China Covid: Beijing ‘under-representing’ true impact of outbreak, WHO says


The World Health Organization has accused China of “representing” the severity of the Covid outbreak and criticized its “narrow” definition of what constitutes a Covid death, as global health leaders urge Beijing to share more data about the spread of explosives.

WHO Director-General Tedros Adhanom Ghebreyesus said in a press conference in Geneva Wednesday, “We ask China for fast, regular, reliable data on hospitalizations and deaths, as well as a comprehensive virus system.

“WHO is concerned about the risks to life in China and reiterates the need for vaccination, including boosters, to prevent hospitalization, serious illness, and death,” he said.

Speaking in detail, WHO director-general for health emergencies Mike Ryan said the numbers released by China “represent the impact of the disease” in terms of hospitalizations and ICU admissions, as well as deaths.

He acknowledged that many countries have seen lags in reporting hospital data, but pointed to China’s “narrow” definition of Covid deaths as part of the issue.

This country lists only those Covid patients who failed to breathe and died from Covid. In the two weeks before January 5, China reported no fewer than 20 deaths from Covid cases, according to figures released on the website of the China Center for Disease Control and Prevention (CDC).

On Thursday, China’s foreign minister said the country always shares disease information “in a timely, open and transparent manner” and stressed that its Covid situation is “under control.”

“It is expected that WHO secretaries will take a scientific, objective and moral position and do a good job in spreading this disease worldwide,” said spokesman Mao Ning at a daily news briefing.

Chinese experts will attend the regular WHO member state meeting on Thursday to “respond to technical issues affecting others,” Mao said, adding that China will continue to monitor the virus’s evolution and issue important information.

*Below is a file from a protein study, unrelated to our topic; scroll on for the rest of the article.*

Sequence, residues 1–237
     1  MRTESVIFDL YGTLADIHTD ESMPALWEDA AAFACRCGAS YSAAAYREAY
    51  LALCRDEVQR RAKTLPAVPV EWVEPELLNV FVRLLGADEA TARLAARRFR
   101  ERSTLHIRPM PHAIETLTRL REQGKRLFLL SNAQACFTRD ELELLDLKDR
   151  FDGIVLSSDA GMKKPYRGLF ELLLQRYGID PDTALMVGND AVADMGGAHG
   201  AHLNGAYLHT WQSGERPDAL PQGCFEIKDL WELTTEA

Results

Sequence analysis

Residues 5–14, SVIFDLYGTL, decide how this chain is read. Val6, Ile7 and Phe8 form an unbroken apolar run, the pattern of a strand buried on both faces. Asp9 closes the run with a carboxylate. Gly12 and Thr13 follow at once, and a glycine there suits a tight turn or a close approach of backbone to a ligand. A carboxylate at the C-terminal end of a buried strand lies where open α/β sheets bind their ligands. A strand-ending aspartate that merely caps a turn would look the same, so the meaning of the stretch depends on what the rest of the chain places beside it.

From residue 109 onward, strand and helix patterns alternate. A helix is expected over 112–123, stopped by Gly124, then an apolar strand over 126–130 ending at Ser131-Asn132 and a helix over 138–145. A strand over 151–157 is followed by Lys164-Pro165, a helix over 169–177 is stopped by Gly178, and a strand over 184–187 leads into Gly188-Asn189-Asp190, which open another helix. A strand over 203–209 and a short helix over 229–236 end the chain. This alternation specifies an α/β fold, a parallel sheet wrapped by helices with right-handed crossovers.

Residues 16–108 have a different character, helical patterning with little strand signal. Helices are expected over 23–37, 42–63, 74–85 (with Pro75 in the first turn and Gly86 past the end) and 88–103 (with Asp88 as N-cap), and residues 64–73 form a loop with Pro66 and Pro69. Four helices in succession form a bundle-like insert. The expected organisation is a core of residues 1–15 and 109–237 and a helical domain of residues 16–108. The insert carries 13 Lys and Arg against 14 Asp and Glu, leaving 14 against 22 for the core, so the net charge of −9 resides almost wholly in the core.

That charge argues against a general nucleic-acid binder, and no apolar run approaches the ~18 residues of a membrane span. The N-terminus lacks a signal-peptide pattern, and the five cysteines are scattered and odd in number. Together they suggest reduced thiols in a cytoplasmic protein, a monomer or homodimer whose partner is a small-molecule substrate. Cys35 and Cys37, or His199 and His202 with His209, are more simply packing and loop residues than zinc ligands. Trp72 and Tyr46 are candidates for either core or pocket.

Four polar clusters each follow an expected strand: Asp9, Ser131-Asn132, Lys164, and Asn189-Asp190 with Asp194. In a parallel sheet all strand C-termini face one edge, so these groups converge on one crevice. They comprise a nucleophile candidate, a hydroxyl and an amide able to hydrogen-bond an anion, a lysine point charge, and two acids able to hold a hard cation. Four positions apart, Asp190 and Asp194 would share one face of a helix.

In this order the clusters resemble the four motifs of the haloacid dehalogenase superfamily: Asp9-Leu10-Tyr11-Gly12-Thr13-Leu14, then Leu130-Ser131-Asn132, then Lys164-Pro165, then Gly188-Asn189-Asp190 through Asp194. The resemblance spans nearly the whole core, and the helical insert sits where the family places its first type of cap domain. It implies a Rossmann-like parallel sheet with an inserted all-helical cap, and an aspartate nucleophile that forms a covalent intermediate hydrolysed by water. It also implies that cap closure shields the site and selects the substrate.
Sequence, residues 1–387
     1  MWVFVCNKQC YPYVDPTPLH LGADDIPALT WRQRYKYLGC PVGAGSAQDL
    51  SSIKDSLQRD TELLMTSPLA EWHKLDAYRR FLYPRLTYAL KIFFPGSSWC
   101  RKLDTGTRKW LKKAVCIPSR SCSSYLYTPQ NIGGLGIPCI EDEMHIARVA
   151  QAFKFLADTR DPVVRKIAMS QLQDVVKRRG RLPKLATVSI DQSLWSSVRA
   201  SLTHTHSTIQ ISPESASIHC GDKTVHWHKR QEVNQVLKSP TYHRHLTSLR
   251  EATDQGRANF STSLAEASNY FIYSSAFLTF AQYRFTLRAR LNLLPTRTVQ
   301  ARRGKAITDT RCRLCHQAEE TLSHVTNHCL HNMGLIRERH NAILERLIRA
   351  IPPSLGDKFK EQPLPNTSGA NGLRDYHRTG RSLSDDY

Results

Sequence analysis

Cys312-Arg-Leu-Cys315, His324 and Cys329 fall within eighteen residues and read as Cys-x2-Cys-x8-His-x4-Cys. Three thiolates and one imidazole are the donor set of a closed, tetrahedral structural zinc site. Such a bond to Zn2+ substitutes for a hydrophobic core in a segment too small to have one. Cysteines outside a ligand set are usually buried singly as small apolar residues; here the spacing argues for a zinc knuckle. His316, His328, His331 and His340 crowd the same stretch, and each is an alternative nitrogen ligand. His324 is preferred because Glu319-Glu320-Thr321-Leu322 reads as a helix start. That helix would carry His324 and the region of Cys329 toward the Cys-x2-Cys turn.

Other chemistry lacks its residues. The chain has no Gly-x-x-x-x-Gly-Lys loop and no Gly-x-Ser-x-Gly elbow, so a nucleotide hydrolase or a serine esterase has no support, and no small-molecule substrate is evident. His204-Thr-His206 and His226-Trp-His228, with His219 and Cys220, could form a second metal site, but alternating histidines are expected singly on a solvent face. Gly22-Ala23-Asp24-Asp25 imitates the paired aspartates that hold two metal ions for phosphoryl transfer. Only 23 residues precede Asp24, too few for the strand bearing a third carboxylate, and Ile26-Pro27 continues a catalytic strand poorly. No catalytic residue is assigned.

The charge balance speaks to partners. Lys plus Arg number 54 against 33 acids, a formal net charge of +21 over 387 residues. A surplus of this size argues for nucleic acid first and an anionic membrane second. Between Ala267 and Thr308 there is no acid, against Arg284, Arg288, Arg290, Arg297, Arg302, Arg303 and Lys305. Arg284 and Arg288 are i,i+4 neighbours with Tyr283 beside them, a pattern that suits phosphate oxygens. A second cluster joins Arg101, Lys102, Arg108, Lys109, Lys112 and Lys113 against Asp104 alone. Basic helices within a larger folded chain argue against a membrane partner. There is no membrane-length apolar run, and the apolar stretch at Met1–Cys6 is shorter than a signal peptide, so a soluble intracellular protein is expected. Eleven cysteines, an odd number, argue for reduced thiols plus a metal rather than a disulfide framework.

WHO officials, who have largely escaped Beijing’s tight control of data during the outbreak, are increasingly vocal in their calls for more reliable information as the outbreak spreads across China. due to the sudden relaxation of disease control last month.

There, the outbreak has overwhelmed hospitals and hotbeds, sparked shortages of essential medicines, and raised fears of months to come as experts warn of regional spread rural areas without property during the New Year period next month.

The boom in the country of 1.4 billion has raised global concerns about the emergence of new forms of diversity – and China’s level of surveillance and data sharing. Many countries have implemented requirements for Covid testing for travelers from China, citing a lack of data and models circulating there.

On Wednesday, the European Union “strongly encouraged” its member states to introduce a requirement for a negative Covid test for travelers from China to the EU, according to a statement issued by the Swedish president of the group.

Tedros of the WHO said on Wednesday it is “understandable” that some countries are taking these measures, “distributing in China a lot and the complete data will not come.”

China’s Ministry of Foreign Affairs earlier this week criticized the measures as unscientific and promised to take “preventive measures appropriate to different situations according to the principle of reciprocity.”

In an online statement updated Thursday, GISAID – the international initiative for the sharing of genomic data for the virus and Covid-19 – said that China continued to “step up” its monitoring efforts and the first analysis showed that the reported data were similar to known strains. spreading. worldwide.

Chinese health officials also provided recent genomic data to the WHO advisory group during a closed-door meeting on Tuesday. In a statement on Wednesday, a group of WHO advisers said that the variety discovered in China is known to be circulating in other countries, with no new species reported by the Chinese CDC.

But advice group and WHO leaders stressed the need for more genomic data to come. The new situation adds to a long-term challenge for the UN organization, which has faced criticism that the start of the disease makes China tight for data despite Beijing’s concern that sensitive information is being covered up.

Maria Van Kerkhove, WHO technical leader on Covid said on Wednesday that “There is a lot more data that needs to be shared from China and from around the world so that we can follow this disease as we enter the fourth year. ”

“We need more information about the systems around the country, (and for) how those systems can be shared with publicly available databases like GISAID so that in-depth research can be done,” he said. .


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